Launching a Startup in Luxembourg: A Long Administrative Burden?

Every day, we put startups first. Our focus is laying the groundwork and providing the necessities for entrepreneurship in order to help business owners take on the adventure of creating a company. Following the information gathered from formal meetings and events, we have learned that certain startuppers trust us with their struggles and hold us accountable for malfunction on the administrative side, whether they be incoherencies or misunderstandings. We have decided to take the time to hear them clearly and the sympathize with their stories, and sometimes, as in the present case, to remain anonymous to avoid foiling their development plans. He who testified also demanded responses for you, dear readers. Let us know what you think about the situation. Share your opinion either in the comments below or by writing to us directly.

A few months ago, we stumbled upon a French entrepreneur freshly installed in Luxembourg and very sure of his decision to launch a startup. The man had heard and bought into arguments about the startup-friendly bureaucracy and direct access to different government services in the process of building a company here. What he did not expect is that after three months of work, his company would still not be officially established in the Grand Duchy, even though his contacts at different government institutions had taken considerable steps towards domicile his activities and R&D in the country.

“Given the size of the country, Luxembourg has all the cards needed to transform its lagging bureau into a real asset for startups.”
“First off, the company manager must submit a request at the Ministry of SME in order to obtain the authorization to carry out the aforementioned activity. This request can be done online via or sent by the post. At first glance, it seems that this part of the process would be easiest online. However, such is not the case in practice.”
The problem rests in the fact that the online form is not totally comprehensive, mainly because it does not explain to the sender what s/he has forgotten at the moment of submission—documents that are absolutely necessary. Another example happens when a company has two managing partners, as the website does not allow submission of necessary information for each manager, only one.
We started our request online at the end of March and our company is still not official!
Once the request is submitted online, the administrative team got back to us with additional requirements that were not mentioned when we submitted said request. What is more, these additional requirements are done by the post, which slows down the process even more. I had to provide an attestation of honor because I was on Luxembourgish soil for less than five years. And yet, this attestation costs €180 and must be done before a notary in Luxembourg! The additional requirements this prolonged our request another two weeks.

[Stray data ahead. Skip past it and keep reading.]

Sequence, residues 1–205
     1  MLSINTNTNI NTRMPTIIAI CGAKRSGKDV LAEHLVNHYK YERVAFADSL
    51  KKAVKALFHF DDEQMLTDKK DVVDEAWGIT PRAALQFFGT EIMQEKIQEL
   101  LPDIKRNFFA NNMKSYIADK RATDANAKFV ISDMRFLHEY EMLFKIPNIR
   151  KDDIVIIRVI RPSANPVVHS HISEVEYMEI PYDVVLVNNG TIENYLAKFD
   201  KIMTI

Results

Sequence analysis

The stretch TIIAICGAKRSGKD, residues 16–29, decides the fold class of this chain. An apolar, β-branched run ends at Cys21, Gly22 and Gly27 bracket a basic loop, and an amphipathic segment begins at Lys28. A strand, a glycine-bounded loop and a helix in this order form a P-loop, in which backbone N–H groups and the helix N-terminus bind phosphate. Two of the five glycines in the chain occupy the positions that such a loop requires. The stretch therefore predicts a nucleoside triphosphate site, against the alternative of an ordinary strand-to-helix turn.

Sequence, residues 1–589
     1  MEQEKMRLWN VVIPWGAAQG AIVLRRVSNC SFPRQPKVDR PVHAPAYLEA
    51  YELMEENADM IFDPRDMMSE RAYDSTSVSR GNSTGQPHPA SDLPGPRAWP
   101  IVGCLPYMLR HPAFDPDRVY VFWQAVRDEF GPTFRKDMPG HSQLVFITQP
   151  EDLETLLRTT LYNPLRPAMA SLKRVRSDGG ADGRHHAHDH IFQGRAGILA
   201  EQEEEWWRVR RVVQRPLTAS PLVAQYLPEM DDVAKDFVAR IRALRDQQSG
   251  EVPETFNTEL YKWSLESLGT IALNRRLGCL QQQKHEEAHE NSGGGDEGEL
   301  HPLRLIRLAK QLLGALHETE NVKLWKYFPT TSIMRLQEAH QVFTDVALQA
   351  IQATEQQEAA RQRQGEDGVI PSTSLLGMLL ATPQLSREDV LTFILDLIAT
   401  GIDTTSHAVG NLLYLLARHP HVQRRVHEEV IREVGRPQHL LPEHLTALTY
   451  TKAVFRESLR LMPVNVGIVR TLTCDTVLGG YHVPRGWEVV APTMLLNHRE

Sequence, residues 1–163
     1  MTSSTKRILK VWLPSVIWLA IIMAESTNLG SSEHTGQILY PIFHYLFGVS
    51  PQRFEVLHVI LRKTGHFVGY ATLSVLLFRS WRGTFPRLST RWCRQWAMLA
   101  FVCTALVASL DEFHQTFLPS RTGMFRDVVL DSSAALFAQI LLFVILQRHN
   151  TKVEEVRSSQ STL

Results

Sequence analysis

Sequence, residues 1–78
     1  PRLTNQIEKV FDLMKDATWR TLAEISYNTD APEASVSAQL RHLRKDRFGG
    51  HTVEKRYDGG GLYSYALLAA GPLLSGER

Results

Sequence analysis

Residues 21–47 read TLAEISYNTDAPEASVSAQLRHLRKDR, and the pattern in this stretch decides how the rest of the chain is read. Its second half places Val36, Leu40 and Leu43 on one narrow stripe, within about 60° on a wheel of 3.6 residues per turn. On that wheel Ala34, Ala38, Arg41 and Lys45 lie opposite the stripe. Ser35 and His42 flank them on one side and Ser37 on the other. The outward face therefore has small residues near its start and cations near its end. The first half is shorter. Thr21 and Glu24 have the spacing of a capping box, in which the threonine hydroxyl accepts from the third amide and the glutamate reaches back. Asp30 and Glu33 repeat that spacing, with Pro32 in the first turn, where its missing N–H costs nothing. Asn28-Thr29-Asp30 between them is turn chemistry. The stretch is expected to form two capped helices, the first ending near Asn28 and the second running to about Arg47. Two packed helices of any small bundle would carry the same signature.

The list of documents to provide for any request for authorization is provided by the House of Entrepreneurship, and it is obvious that it’s convenient for startups to be sure to provide the totality of the necessary documents before submitting any request. However, in order to avoid forgetting anything, we can see how the online system could be reworked, as many entrepreneurs have suggested, particularly by creating immediate notifications for missing or lacking documents. Such notifications would prevent submitters from doubting about seemingly incessant back and forths with the administration, the back and forths being in most cases sent by the post and not by email, creating the lengthiest part of the process.
“Startups’ frustration is huge because, without authorization, we can neither create the company nor open a bank account, which means we cannot account our services.”
Other startups have also spoken to us about very irregular and rare follow-ups from the side of the administration. The majority of them must get in touch with their administrative contact in order to get a status update of their dossier and make sure that everything is in order. On my last call, someone asked for my NACE codes, which were not a part of my initial request because such was not asked of me. I then had to send this information by email. Again.
It seems to me that the number of requests is becoming bigger and bigger, and so the Luxembourgish administration has a hard time keeping up. When someone asks for a deadline for the completion of his/her dossier, the administration indicates that they are overbooked and cannot give a precise date.
You have to understand us. Startups’ frustration is huge because, without authorization, we can neither create the company nor open a bank account, which means we cannot account our services. If Luxembourg really want to position herself as an agile startup ecosystem capable of easy access, she must clearly rethink the bureaucratic processes.
That said, until the present we have always found a listening ear in our efforts, and we appreciate the ability to be able to easily contact the ministries, which is different than other countries where services are just saturated. Complete digitalization of these processes would be welcomed with open arms, and doing so under 24/48h would be ideal. Given the size of the country, Luxembourg has all the cards needed to transform its lagging bureau into a real asset for startups.”

(Photo by Mark Asthoff on Unsplash)

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